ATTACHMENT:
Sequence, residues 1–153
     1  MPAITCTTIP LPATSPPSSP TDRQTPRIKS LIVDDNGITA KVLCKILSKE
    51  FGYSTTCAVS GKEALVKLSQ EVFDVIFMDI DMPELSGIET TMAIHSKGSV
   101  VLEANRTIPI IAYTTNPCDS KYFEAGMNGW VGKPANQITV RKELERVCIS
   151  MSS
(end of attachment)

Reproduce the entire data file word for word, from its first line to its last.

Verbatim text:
Sequence, residues 1–153
     1  MPAITCTTIP LPATSPPSSP TDRQTPRIKS LIVDDNGITA KVLCKILSKE
    51  FGYSTTCAVS GKEALVKLSQ EVFDVIFMDI DMPELSGIET TMAIHSKGSV
   101  VLEANRTIPI IAYTTNPCDS KYFEAGMNGW VGKPANQITV RKELERVCIS
   151  MSS